As we mentioned earlier, the T-Mobile Pearl 8120 is compatible with the carrier's MyFaves service, which gives you unlimited calling to five contacts, regardless of carrier. Individual plans for MyFaves start at $39.99 a month. You also get Bluetooth 2.0 with support for mono and stereo Bluetooth wireless headsets, hands-free kits, and dial-up networking. Sadly, there is no built-in GPS, though you can add this functionality with a Bluetooth GPS receiver.
Like other BlackBerry models, the Pearl 8120 can sync with your company's BlackBerry Enterprise server, with support for Microsoft Exchange, IBM Lotus Domino, or Novell GroupWise, to deliver corporate e-mail in real time. With BlackBerry Internet Service, you can also access up to 10 personal/business POP3 or IMAP4 e-mail accounts. We had no problem setting up our review unit to access and retrieve our Yahoo e-mail as it merely required entering our login ID and password.
The smartphone is equipped with the latest spell-check feature that will look for errors in e-mails and memos but not text messages. Plus, there's an attachment viewer that opens popular file formats, such as Microsoft Word, Excel, PowerPoint, Corel WordPerfect, PDF, JPEG, GIF, and more. Instant-messaging fans will be pleased to see that the T-Mobile Pearl 8120 comes with popular instant-messaging clients, such as AIM, Yahoo, and Google Talk.
There are several sources of entertainment on the BlackBerry Pearl 8120. First, the built-in media player allows you to enjoy your favorite MP3, WMA, AAC, AAC+, eAAC+, AMR-NB, and MIDI music files, and MPEG4, WMV, and H.263 video clips. There's a search function, playlist creation, shuffle and repeat, and you get a full-screen mode for video playback. To get media onto the Pearl, just use the USB cable for drag and drop, and the process should be swift, thanks to high-speed USB support (around 10MB per second). The included software CD also contains a copy of Roxio Easy Media Creator, so you can create MP3s from CDs and add audio tags. There's 64MB of flash memory onboard, but we'd load multimedia files on a microSD/SDHC card to conserve storage. The expansion slot can accept up to 8GB cards.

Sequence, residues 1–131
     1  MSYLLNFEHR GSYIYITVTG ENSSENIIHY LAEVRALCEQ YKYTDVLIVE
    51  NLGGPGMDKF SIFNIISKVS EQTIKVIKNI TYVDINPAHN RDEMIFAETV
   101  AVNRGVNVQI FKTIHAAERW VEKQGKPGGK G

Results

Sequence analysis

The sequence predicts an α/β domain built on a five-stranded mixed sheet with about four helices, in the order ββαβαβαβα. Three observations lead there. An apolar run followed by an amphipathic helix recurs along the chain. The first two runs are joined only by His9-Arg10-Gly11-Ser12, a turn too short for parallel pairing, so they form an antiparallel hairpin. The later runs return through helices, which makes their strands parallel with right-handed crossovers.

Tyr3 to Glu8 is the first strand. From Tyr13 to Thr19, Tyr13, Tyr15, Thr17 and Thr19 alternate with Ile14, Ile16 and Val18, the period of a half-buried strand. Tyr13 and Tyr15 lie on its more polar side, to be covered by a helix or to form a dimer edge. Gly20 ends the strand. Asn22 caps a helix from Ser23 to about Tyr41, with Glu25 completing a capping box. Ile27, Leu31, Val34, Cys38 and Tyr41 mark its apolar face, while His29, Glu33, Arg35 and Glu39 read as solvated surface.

Finally, the BlackBerry Pearl 8120 is equipped with an upgraded 2-megapixel lens (from 1.3 megapixels), now complete with video recording capabilities. For still images, there's a 5x zoom and flash, as well as three picture sizes and three quality options. You also get white-balance settings and several color effects you can add to the photo. Meanwhile, video options are a bit more limited with just two video formats (normal or multimedia message), three color effects, and a video light.
We were generally pleased with the picture quality, as objects had good definition. We could have used a bit more richness to the colors, but the Pearl 8120 is definitely one of the better camera-equipped smartphones we've tested. Unfortunately, recorded video looked pretty poor. Our clips were dark and grainy, so you're not going to get the best quality there.
We tested the quad-band (GSM 850/900/1800/1900; GPRS/EDGE) RIM BlackBerry Pearl 8120 in San Francisco using T-Mobile service, and call quality was impressive. On our end, voices sounded crystal clear with plenty of volume and no distortion, and we had no problems using an airline's voice automated response system. Our friends reported similar results, though they said they could hear some slight background hiss. Speakerphone quality was also good. We were able to pair Pearl with the Logitech Mobile Traveller Bluetooth headset and the Motorola S9 Bluetooth Active Headphones.
We also made several calls using the T-Mobile HotSpot@Home service. The setup was painless as the Pearl 8120 immediately found and connected to the @Home network, and we were able to make calls right away. That said, audio quality wasn't the best. There were a couple of occasions where calls cut in and out on our side, and volume was a bit weak even though we had the phone cranked to the highest level. Similarly, our friends said we sounded a bit muffled and could occasionally hear a crackling noise in the background.
The RIM BlackBerry Pearl 8120 is rated for 4 hours of talk time and up to 15 days of standby time. We are still conducting our battery drain tests and will update this section as soon as we have final results, but we can tell you that the Pearl 8120 has already surpassed its rated talk time in our first performance test. According to FCC radiation tests, the Pearl 8120 has a digital SAR rating of 1.48 watts per kilogram.